Article VI of the U.S. Constitution requires that all state and federal officials take an oath to support the Constitution. Therefore, presidents, governors, legislators, and judges all swear to act within the scope of their constitutional authority, as they understand it. The power of judicial review, however, hands the judiciary a trump card. When Congress and the president, or legislatures and governors, combine to make and execute a law that judges deem unconstitutional, those judges, in their capacity courts, can second-guess the choices that the other branches of government make and invalidate the law. This form of so-called “judicial supremacy,” did not sit well with President Jackson, who declared that: “The opinion of the judges has no more authority over Congress than the opinion of Congress has over the judges, and on that point the president is independent of both.”18 The State of Georgia took Jackson’s war of words a step further, by executing a Cherokee prisoner in open defiance of a U.S. Supreme Court order, on the grounds that the Court had no business intruding on the affairs of a sovereign state.19
States imbued with Jacksonian populist zeal sought to curb judicial power by moving away from tenure during good behavior and toward (p.32) fixed and shorter renewable terms.20 For some, however, an additional source of ambivalence over judicial power was that judges were unelected. Frederick Robinson, who would later become president of the Massachusetts Senate, delivered a speech on the 4th of July in 1834, which captured the emerging sentiments of ardent Jacksonian populists: “Judges should be made responsible to the people in periodical elections,” he argued. “The boast of an independent judiciary is always meant to deceive you,” he warned: “We want no part of a government independent of the people. Those who are responsible to nobody ought to be entrusted to nobody.”21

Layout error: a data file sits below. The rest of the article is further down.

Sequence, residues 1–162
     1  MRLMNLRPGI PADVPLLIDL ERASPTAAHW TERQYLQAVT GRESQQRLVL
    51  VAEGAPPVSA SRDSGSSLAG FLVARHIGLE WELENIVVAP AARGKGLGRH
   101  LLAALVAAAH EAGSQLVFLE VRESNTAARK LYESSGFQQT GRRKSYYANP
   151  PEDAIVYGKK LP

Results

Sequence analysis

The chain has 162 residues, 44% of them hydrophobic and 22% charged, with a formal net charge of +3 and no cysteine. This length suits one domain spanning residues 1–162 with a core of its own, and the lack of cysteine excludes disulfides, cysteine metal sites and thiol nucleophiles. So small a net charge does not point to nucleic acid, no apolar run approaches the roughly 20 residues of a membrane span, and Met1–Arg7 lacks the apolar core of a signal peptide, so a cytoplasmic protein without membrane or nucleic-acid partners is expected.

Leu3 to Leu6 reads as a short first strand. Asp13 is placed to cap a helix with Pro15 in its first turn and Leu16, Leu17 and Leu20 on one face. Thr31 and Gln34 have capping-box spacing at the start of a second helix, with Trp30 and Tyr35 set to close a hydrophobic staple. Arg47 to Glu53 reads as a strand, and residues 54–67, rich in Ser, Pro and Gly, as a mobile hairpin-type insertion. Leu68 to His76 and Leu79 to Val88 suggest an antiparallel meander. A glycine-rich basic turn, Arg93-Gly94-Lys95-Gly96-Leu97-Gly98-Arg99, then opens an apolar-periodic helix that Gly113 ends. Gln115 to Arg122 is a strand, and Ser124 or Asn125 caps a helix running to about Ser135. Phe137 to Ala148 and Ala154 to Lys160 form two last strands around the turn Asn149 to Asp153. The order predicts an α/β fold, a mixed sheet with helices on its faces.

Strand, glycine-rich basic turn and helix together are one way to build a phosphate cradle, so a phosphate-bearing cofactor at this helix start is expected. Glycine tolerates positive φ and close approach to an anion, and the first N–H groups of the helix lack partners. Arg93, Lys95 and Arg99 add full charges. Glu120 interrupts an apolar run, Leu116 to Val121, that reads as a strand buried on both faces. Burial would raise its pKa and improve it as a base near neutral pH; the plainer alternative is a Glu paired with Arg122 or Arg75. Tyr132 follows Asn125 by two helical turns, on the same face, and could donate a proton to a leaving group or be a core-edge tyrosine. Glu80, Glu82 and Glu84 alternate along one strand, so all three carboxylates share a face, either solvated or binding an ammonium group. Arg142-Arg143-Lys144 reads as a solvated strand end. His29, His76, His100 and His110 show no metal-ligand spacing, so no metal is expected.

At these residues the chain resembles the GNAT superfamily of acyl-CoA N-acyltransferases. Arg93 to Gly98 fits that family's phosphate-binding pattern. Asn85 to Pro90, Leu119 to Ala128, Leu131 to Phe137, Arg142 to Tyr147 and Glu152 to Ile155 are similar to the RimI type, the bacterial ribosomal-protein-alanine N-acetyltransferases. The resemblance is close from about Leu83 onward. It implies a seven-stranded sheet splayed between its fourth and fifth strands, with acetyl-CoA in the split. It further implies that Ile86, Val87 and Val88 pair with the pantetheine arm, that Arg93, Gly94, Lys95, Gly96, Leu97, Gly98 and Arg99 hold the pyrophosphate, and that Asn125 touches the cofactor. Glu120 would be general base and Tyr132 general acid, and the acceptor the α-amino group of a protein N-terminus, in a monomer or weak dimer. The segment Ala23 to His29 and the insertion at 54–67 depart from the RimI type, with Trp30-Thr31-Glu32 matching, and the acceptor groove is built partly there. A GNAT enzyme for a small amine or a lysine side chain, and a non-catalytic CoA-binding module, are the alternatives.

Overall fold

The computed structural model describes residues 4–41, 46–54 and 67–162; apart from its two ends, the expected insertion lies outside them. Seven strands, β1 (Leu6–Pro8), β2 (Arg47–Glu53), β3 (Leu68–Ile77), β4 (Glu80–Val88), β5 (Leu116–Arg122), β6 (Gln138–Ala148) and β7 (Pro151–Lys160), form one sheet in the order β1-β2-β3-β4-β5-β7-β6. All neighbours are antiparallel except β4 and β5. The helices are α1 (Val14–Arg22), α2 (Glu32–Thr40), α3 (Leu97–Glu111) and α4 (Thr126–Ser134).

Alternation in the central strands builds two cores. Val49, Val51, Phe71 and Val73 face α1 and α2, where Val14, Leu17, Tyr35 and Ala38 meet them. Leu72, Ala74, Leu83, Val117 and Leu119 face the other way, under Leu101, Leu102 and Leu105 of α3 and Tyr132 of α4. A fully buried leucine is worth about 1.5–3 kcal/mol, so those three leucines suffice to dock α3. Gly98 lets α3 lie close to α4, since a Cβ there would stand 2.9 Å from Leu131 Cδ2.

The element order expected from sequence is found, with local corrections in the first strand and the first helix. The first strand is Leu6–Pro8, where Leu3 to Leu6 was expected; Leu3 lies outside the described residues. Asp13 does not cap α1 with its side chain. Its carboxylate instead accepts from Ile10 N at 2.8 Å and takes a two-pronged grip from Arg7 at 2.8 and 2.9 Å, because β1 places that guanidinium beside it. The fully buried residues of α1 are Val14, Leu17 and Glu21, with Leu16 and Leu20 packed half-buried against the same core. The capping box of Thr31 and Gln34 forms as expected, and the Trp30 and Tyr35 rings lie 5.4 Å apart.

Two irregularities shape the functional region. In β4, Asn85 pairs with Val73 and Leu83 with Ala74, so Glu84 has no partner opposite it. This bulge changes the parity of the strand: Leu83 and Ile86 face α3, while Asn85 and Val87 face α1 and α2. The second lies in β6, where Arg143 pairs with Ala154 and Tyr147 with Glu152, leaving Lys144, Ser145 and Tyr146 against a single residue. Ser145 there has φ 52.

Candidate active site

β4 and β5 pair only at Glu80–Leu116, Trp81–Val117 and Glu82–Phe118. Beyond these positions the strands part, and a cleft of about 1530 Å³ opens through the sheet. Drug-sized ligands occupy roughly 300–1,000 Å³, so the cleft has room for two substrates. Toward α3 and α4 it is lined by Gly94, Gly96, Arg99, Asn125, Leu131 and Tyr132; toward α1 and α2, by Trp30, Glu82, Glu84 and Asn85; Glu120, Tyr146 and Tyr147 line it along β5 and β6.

Jacksonian-era support for elected judiciaries was not especially sophisticated and did not try to reconcile the desire for democratic accountability with the view that judges needed to be independent and impartial enough to uphold the law in the teeth of popular pressure to do otherwise. That said, it would be a mistake to explain the rise of judicial elections with primary reference to Jackson and his followers, because the partisan judicial elections movement did not take off until the 1840s, after Jackson had left office and his cohort had lost influence.
The continuing appeal of democratic accountability generally may have buoyed support for elected judiciaries after Jackson’s movement had lost momentum. The view that governmental legitimacy derives from electoral accountability is, of course, core to all democracies. Many states embraced that principle with unprecedented enthusiasm throughout the middle decades of the nineteenth century, as they drafted and redrafted their constitutions to elect a widening array of public officials. As a delegate to the Kentucky Constitutional Convention of 1850 grumbled, “We have provided for the popular election of every public officer save the dog catcher, and if the dogs could vote, we should have that as well.”22